The Big Reveal. Why Now? My Top 10.

Dear Blog,

As you know yesterday I went public about JD’s cheating, on the 3rd anniversary of his passing (and of my re-birth as The WB).

Since then I’ve been thinking as to my reasons for doing this. I don’t regret it. I think I needed to do this and here’s why:

  1. Since the MBA convocation ceremony I attended in June, at which I received degrees for the both of us, I feel like I have fulfilled all of my obligations to my late husband. I made sure he got the recognition he deserved for the effort he put into his studies even as he was dying. I was able to quash my feelings relating to what I know about him now and call up how I felt about him then, when we were in the program together and when we found out about the cancer. I can’t do this anymore because:
  2. After that event I noticed my feelings towards him really start to change. For example, I no longer felt upset at our approaching wedding anniversary as I had in the couple of years prior. In fact I feel no love anymore – just empty inside. Maybe this will change over time but I’m not counting on it.
  3. His parents are both gone now; his father passed away in early 2015. It must be hard enough to lose a child – I didn’t want to add to his sorrow by telling him what I found out about his son. I didn’t see what purpose it would serve. So I left the old soldier with his happy memories of his boy to comfort him.
  4. My mother passed away in December 2015 and I didn’t feel I should be shocking or burdening her with this knowledge when she was already unwell.
  5. His sister does not read my blog and is not on social media. See point #3 – not adding to the sorrow applies to her as well. Although I suspect one day we may have this conversation as she could ask a question that precipitates it. Not looking forward to this day.
  6. I told my kids and they have been so supportive and empathetic. It has been important in our healing as a family, I feel.
  7. My change of feelings about him may become evident in my future postings on this blog and on social media, if it hasn’t already. Mostly, I imagine, by what I am not saying about JD or our marriage anymore. This should explain that change to anybody who might pick up on this.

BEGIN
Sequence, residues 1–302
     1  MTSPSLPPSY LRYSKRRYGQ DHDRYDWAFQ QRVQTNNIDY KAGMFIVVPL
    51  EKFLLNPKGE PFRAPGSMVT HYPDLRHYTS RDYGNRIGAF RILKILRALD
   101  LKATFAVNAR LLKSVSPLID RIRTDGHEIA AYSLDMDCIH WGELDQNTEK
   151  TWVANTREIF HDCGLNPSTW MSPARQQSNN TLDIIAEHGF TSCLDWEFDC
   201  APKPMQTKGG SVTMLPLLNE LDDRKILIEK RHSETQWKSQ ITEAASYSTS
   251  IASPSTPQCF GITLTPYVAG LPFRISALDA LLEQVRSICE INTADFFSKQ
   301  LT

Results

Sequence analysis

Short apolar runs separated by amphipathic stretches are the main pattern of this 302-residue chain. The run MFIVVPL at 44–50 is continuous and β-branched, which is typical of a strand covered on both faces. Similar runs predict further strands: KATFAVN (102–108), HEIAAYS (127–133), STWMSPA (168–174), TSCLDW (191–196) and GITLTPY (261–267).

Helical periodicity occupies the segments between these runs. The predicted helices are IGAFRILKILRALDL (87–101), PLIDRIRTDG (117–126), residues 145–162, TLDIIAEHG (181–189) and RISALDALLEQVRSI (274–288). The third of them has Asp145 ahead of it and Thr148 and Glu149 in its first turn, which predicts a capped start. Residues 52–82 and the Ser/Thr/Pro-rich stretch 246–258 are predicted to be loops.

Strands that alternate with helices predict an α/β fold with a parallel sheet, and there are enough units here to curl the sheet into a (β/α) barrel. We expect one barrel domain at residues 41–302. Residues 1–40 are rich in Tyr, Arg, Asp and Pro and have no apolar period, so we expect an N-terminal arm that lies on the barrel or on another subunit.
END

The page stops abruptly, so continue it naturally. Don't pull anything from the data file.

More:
8. Some people have been very kindly commenting to me about how tragic it is to lose someone you thought of as a soulmate. True, but my dears – you don’t know the half of it. Until now. Yes, I am still a grieving widow but the things I am grieving are not what one would expect. If I can describe my grief in one word, that word is COMPLICATED.
  9. It took until just lately for me to process things enough that I could talk about it to a wider audience. Being as introverted as I am, I like to take time to think important stuff through thoroughly if at all possible, before speaking. As there are almost no resources out there for dealing with discovery of infidelity posthumously, this has been difficult for me to sort out on my own.  My thoughts have been all over the map on this one as I try to deal.  Some days they still are. And, ultimately:
  10. Almost 3 years later, I feel I am finally ready to open up about this.

Thanks for listening and being there for me, dear Blog.

Rock on,

The WB

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  • I was 21 when my father (at age 52) died from his fourth heart attack (4 over 10 years). I was going to college and living at home so I saw my mother evolve as a widow. After his death, he was a Saint. He never stepped wrong (which was far, far from the truth). All of their married years was viewed through a rosy prism. Some of this was because of the guilt she felt because of the situation at the time he died (they had been fighting).

    As the next year passed, she started getting angry. Why had he left her before they did many of the things he kept promising (mostly travel, which trust me would never happened)? As more years passed, the Saint became the Devil.

    Truth is she is much happier being a widow, being in charge of her own life and her destiny. She doesn’t have to ask him for money, or give her money to the budget he controls. She can go where she wants, when she wants. There is a reason my grandmother (born in the 1920’s and married at age 16) never remarried when her husband died, and why my mother has not re-married.